Andre Agassi confessed, in his autobiography that he tested positive to anti-doping tests but lied to the ATP to escape ban. The first player to complete the career Grand Slam in the Open era assumed an higjly addictive drug, the crystal methamphetamine: it’s not an enhancing-performance substance, but it’s meant for personal use, considered as a recreational drug like the cocaine.
He took the meth (possession of which carries a maximum five-year jail sentence in the US) in 1997, a period signed by doubts, falling form, and the ending of his turbulent marriage with the actress Brooke Shields. In his book, he so recalls the episode:
“Slim [his assistant coach at the time] is stressed too ... He says, You want to get high with me? On what? Gack. What the hell’s gack? Crystal meth. Why do they call it gack? Because that’s the sound you make when you’re high ... Make you feel like Superman, dude.
“As if they’re coming out of someone else’s mouth, I hear these words: You know what? F*** it. Yeah. Let’s get high.
“Slim dumps a small pile of powder on the coffee table. He cuts it, snorts it. He cuts it again. I snort some. I ease back on the couch and consider the Rubicon I’ve just crossed.
“There is a moment of regret, followed by vast sadness. Then comes a tidal wave of euphoria that sweeps away every negative thought in my head. I’ve never felt so alive, so hopeful — and I’ve never felt such energy”.
But this isn’t the most shocking part of his confession. Andre would have lied to the ATP, and the tennis authorities would have accepted his lies interwoven with true parts; the American avoided a three months suspension after an autumn when he pulled out of the Roland Garros and didn’t bother to practise for Wimbledon. “I say Slim, whom I’ve since fired, is a known drug user, and that he often spikes his sodas with meth — which is true. Then I come to the central lie of the letter. I say that recently I drank accidentally from one of Slim’s spiked sodas, unwittingly ingesting his drugs. I ask for understanding and leniency and hastily sign it: Sincerely. I feel ashamed, of course. I promise myself that this lie is the end of it.”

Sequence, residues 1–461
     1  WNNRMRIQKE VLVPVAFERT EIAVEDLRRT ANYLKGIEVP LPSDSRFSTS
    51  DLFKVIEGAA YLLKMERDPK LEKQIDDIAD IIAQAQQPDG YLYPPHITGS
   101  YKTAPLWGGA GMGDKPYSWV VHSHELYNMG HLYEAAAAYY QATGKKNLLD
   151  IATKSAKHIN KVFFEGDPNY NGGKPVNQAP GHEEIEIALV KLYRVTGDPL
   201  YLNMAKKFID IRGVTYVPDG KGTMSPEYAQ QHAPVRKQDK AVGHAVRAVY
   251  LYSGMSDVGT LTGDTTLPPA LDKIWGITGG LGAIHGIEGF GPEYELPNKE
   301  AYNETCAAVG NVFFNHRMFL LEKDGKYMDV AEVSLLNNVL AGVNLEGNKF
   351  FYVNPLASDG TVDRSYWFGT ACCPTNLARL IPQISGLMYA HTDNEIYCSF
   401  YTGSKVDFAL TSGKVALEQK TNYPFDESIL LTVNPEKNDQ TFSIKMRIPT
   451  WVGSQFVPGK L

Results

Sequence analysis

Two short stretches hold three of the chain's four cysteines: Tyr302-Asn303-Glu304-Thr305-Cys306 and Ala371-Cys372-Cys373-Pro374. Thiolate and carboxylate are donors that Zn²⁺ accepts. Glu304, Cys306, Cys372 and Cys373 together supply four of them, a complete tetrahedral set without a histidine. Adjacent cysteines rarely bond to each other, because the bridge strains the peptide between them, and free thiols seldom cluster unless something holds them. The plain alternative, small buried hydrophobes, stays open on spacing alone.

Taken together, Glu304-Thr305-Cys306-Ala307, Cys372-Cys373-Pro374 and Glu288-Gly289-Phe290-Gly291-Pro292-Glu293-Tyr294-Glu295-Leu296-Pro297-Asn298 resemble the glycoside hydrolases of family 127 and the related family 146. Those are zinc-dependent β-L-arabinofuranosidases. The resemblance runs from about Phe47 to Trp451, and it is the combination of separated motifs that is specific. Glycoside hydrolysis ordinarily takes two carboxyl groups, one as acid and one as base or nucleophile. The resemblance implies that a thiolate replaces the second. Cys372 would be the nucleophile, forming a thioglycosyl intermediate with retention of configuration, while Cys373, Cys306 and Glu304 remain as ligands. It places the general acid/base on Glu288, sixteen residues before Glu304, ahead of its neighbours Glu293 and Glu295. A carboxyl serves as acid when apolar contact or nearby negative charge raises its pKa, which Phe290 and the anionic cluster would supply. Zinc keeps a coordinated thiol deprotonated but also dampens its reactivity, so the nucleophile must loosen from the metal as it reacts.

This story generates two reflexions. On the one side, about the role and the behaviour of the ATP, now attacked by player for the new stricter rules, although they have never accomplished a top-player suspension, except for Gasquet (excused anyway for his cocaine-filled kiss during a party). This result is the product of a substantial correctness in player’s mood, or this could imply that even nowadays ATP could cover some misconduct with the purpose of avoiding a collapse in the reputation of the sport? Probably we’ll know the truth in a decade or so, when the autobiographies of actual champs will be sold.
Agassi also said he has inside hated tennis, also if he invented a new way of playing, “the baseliner counter-attacker”, with the mood of Bjorn Borg and the feet on the baseline, with half-volley groundstokes and an extraordinary sense of advance. He felt tennis more than simply playing it.
“I was actually excited about telling the world the whole story”, he concluded. Also Boris Becker, in 2003, in his autobiography, confessed to have played for most of 1990 and 1991 under the effect of sleeping drugs, so implicitly diminishing Stefan Edberg’s triumph at 1990 Wimbledon. Perhaps has Andre’s happiness something to do with the certainty that such a scoop would make the sales grow?